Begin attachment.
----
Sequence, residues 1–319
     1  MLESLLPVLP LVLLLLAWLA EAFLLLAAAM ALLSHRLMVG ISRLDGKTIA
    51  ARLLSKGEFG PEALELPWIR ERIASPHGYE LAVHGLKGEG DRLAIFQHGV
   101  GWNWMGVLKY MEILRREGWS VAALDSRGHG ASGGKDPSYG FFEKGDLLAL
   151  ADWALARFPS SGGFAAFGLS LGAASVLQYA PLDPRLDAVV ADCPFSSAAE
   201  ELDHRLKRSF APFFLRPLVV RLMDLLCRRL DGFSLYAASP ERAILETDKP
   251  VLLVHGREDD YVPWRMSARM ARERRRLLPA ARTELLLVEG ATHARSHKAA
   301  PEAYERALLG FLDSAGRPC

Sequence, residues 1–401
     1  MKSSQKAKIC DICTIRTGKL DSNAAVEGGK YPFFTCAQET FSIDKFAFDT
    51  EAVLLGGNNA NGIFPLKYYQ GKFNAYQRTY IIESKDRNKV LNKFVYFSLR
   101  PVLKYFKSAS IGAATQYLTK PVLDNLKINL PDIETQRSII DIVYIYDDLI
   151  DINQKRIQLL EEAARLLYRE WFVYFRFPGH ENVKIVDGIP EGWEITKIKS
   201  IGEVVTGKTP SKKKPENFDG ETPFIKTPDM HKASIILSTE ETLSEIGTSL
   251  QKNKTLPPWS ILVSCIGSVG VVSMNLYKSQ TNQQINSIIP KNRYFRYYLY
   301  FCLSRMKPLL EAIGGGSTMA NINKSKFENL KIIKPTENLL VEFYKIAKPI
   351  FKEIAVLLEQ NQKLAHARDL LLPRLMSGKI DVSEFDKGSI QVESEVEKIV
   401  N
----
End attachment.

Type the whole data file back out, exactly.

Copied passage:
Sequence, residues 1–319
     1  MLESLLPVLP LVLLLLAWLA EAFLLLAAAM ALLSHRLMVG ISRLDGKTIA
    51  ARLLSKGEFG PEALELPWIR ERIASPHGYE LAVHGLKGEG DRLAIFQHGV
   101  GWNWMGVLKY MEILRREGWS VAALDSRGHG ASGGKDPSYG FFEKGDLLAL
   151  ADWALARFPS SGGFAAFGLS LGAASVLQYA PLDPRLDAVV ADCPFSSAAE
   201  ELDHRLKRSF APFFLRPLVV RLMDLLCRRL DGFSLYAASP ERAILETDKP
   251  VLLVHGREDD YVPWRMSARM ARERRRLLPA ARTELLLVEG ATHARSHKAA
   301  PEAYERALLG FLDSAGRPC

Sequence, residues 1–401
     1  MKSSQKAKIC DICTIRTGKL DSNAAVEGGK YPFFTCAQET FSIDKFAFDT
    51  EAVLLGGNNA NGIFPLKYYQ GKFNAYQRTY IIESKDRNKV LNKFVYFSLR
   101  PVLKYFKSAS IGAATQYLTK PVLDNLKINL PDIETQRSII DIVYIYDDLI
   151  DINQKRIQLL EEAARLLYRE WFVYFRFPGH ENVKIVDGIP EGWEITKIKS
   201  IGEVVTGKTP SKKKPENFDG ETPFIKTPDM HKASIILSTE ETLSEIGTSL
   251  QKNKTLPPWS ILVSCIGSVG VVSMNLYKSQ TNQQINSIIP KNRYFRYYLY
   301  FCLSRMKPLL EAIGGGSTMA NINKSKFENL KIIKPTENLL VEFYKIAKPI
   351  FKEIAVLLEQ NQKLAHARDL LLPRLMSGKI DVSEFDKGSI QVESEVEKIV
   401  N